All told, The Political Philosophy of George Washington is admirably concise, thorough, and responsible. In particular, it puts to rest an unfair canard launched at Washington after his death by John Adams that has come to dominate historians’ assessments of Washington’s intellect. In the last years of their lives, Adams and his old friend and fellow signer of the Declaration of Independence Benjamin Rush conducted a warm, friendly correspondence, one theme of which was their efforts to nurse each other’s resentment of Washington. Rush ran afoul of Washington during the Revolutionary War, when he inspected the sanitary conditions of the Continental Army and protested what he deemed a scandalous state of affairs, only to get the back of the general’s hand. Adams, who in 1775 had nominated Washington to be named commander in chief of the Continental Army and then languished for eight years (1789-97) as the nation’s first vice president, felt eclipsed by Washington despite Adams’s greater experience and study of politics and government, his deeper understanding of history and political thought, and his greater ability with his pen. To ease his temper and entertain his friend, Adams penned a letter cataloguing the ten reasons why Washington had achieved greatness in the eyes of Americans, including such matters as his being a Virginian, his height, and his gift of silence. Adams concluded, “You see I have made a list of ten talents without saying a word about reading, thinking, or writing.” It would have been interesting to place The Political Philosophy of George Washington before the Sage of Braintree and await his reaction.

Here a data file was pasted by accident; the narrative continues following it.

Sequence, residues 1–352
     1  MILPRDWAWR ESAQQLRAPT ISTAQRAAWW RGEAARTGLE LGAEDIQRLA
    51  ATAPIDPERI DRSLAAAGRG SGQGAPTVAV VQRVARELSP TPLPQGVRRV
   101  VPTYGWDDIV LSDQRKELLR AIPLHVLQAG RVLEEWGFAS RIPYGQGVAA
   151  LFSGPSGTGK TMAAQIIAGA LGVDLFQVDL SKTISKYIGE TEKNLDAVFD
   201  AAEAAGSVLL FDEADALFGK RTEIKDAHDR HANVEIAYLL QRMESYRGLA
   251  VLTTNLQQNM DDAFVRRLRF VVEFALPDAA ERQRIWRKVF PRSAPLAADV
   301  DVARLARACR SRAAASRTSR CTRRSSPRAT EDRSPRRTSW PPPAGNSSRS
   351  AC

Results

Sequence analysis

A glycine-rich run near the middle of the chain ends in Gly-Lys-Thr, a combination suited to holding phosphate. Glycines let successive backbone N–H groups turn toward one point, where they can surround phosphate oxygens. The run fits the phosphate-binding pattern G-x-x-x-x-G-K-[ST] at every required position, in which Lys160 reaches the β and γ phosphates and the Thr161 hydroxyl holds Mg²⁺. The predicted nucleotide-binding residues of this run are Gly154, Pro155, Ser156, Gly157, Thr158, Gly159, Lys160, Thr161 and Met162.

[1.] Jeffrey H. Morrison, John Witherspoon and the Founding of the American Republic (Notre Dame, IN: Notre Dame University Press, 2005).
[2.] John A. Schutz and Douglass Adair, eds., The Spur of Fame: Dialogues of John Adams and Benjamin Rush, 1805-1813 (San Marino, CA: Huntington Library, 1966; reprint, Indianapolis, IN: Liberty Fund, 2000), is the best and most accessible modern edition of this correspondence; see note 3 below for an older edition.
[3.] John Adams to Benjamin Rush, November 11, 1807, reprinted in Schutz and Adair, eds., The Spur of Fame, 105-108 (quote on 107). A fuller text of this letter is reprinted in Old Family Letters Copied from the Originals for Alexander Biddle, Series A (Philadelphia: Press of J. B. Lippincott, 1892), 167-173 (quote on 170).
at the same time